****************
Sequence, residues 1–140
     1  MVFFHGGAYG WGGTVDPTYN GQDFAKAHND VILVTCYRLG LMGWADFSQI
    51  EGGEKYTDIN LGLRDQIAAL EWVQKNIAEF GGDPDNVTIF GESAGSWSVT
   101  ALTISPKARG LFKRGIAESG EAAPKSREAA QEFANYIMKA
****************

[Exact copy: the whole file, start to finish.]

Sequence, residues 1–140
     1  MVFFHGGAYG WGGTVDPTYN GQDFAKAHND VILVTCYRLG LMGWADFSQI
    51  EGGEKYTDIN LGLRDQIAAL EWVQKNIAEF GGDPDNVTIF GESAGSWSVT
   101  ALTISPKARG LFKRGIAESG EAAPKSREAA QEFANYIMKA